Contributor: RobSue888 Created: 4 months ago Updated: 4 months ago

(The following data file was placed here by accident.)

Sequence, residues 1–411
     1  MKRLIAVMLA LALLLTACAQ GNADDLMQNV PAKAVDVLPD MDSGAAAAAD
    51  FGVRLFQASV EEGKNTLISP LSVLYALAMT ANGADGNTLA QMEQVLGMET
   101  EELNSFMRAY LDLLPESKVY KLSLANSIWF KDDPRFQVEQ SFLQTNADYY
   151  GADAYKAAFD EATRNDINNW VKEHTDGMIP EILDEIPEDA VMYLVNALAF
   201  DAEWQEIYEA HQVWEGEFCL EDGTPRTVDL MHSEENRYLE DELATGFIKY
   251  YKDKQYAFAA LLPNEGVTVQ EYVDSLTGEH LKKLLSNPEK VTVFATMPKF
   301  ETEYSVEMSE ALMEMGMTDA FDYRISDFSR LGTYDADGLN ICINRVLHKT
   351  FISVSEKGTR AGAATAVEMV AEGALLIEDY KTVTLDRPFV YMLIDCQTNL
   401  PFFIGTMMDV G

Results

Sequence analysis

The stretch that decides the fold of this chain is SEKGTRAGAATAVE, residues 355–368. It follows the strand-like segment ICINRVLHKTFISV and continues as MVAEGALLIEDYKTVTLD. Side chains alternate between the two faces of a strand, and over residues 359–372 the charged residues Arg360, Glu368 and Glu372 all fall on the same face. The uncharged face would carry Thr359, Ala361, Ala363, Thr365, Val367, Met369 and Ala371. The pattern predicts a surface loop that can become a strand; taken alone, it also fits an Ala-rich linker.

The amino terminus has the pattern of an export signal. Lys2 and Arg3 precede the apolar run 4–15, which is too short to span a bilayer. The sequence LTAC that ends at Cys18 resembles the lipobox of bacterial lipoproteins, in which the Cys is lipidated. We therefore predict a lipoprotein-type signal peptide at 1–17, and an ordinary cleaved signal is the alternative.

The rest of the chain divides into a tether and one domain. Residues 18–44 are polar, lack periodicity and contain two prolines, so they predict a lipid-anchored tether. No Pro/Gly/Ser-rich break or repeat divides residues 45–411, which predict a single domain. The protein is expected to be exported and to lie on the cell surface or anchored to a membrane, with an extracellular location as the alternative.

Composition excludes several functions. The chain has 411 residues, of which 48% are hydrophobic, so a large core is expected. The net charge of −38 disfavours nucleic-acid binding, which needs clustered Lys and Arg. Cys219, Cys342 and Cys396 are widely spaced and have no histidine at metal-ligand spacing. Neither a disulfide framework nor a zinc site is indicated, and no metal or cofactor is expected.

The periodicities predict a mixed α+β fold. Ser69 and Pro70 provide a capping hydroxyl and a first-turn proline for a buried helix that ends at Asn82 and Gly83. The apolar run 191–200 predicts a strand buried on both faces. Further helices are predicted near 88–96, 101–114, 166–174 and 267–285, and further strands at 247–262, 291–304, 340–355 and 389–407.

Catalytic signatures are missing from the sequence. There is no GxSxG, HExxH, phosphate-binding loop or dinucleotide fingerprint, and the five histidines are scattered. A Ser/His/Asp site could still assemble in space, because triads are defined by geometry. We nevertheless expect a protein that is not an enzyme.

History of Malinda Barlow Riding as written by Emma Riding Hemenway When word was recieved that Johnston’s army was coming to Salt Lake Valley to destroy the Saint, President Young ordered all the men to move their families farther south, to be out of the danger of the army. The then went back to try and protect their interests in the Valley. Oswald Barlow took his wife Catherine Nightengale Barlow and children to Payson. While here their fourth Child Malinda was born April 7, 1858 in the Payson school house. In 1861, they with others were chosen by Pres. Young to go south and settle the Dixie County southern Utah. Oswald Barlow was a stone mason by trade. When they arrived in St. George, in December 1861 Malinda was three years old. It was here she grew up, was active and full of life, a leader among her friends. She loved to dance and take part in all the young people’s activities, such as, peach peeling bees, corn husking contests, melon fiests, candy pulls and hay rack rides. Choir practice and night meetings were part of their activities. at the close of which, the boys would waiting to take them home. When the young men were working on the Temple. The young girls of St. George entertained them with many parties. Linda was eighteen she spent a year north visiting her mothers people, in Salt Lake, Springville, and Provo. While there she saw Porter Rockwell with his hair in long braids He had been promised by Brigham Young that as long as he did not cut his hair bullets would never hurt him. This proved true. Linda was always neat and dressy in her appearance Had a good figure, and always made her clothes to fit well. While a young girl she worked several summers at Jeffries Ranch making butter and Cheese. She also worked at Canaan Ranch for Mr. and Mrs. James Andrus. She had an average education for those days, way a good reader and speller. As a teachers she had John Macfarlane in the Whitmore house, Samuel Miles, Kate Granger, and Martha Cox in the Third Ward school house. At that time a tuition was charged of $7.00 per term of three months. At the age of twenty she married E. T. Riding in the St. George Temple He was a boot and shoe maker also did barbering. In the house where Linda went she gave birth to twelve Children all but one growing to maturity. The one who died was Flossia who died when three years of age. During the years Linda was raising this large family she was a very busy woman. She was systematic in her work which avoided quarreling among the children as each knew when their part was allotted to them that no one else interfered with their tasks. The oldest children were girls and on Saturday one cleaned the cupboards, another the windows and the three brass buckets while the other swept and mopped the floors. After the three girls, four boys were born in succession. Her overall patching was endless each boy only had one pair at a time. A common expression of her’s was “Patch side by side is neighborly, but patch upon patch is beggarly” “but here goes another Patch” She did all the sewing for this large family making coats and hats for the boys as well as the girls clothing. At that time ready made clothes were not known. In his work at the shoe shop, her husband would take Washington Factory script for pay. When there was enough to supply some of the needs of the family. Linda would take the horse and buggy or cart, and drive to the factory where she exchanged the script for different kinds of cloth, blankets, table cloths, towels, yarn etc. She knit all the hose for the younger children which she would make last two years by knitting in new knees, heels and toes. She made her own washing soap, rag carpets to cover two floors as well as her sewing and knitting. Each spring a new carpet was made and it seemed she was always cutting and sewing rags, unless the neighbors came in to help. At such times they would bring food for an all day bee or at a lunch for half the day, according to the amount of rags to be sewed. As soon as the older children could take care of the younger ones, she began as a Relief Society teacher. She taught under Presidents Mary J. Judd, Laura Andrus, Cornelia Brooke, Esther Whitehead, Orpah Andres. and Minnie H. Taylor. She always tried to have her dime ready to give her teacher and expected those She visited to be ready with this charitable contribution. She spent many days and nights sitting up with the sick and dead. Linda couldn’t sing but she loved to listen to others. While doing her work about the house we would often hear her hum parts of My pretty Quadroon,. Her Bright Smile Haunts Me. Yet, or Belle Mahone. She became a widow in July 1811. It was then that she had to make a living for herself and her two youngest daughters, by washing, nursing the sick, and working at the Grand Gulch mine with her daughters, doing the kitchen work. When the girls married, she rented part of her home and began doing temple work for the dead. She did the ordinances for many hundred walking down and back most of the time. She continued in this work until 1935. During this time she took care of her beautiful flowers, which she enjoyed so much and made them part of her life. She was one of the first to grow the large Obrysanthemums, and helped others to get a start of them. One pleasant thing in her later life, was the visit she made to her daughter Bessie at Oakland and Mound Hill, California. When she was 76 years of age, her health failed and the Doctor told her it was too much for her heart to walk to the Temple. The next September 25th, she passed away after a full life of service to her church and family. Emma Riding Hemenway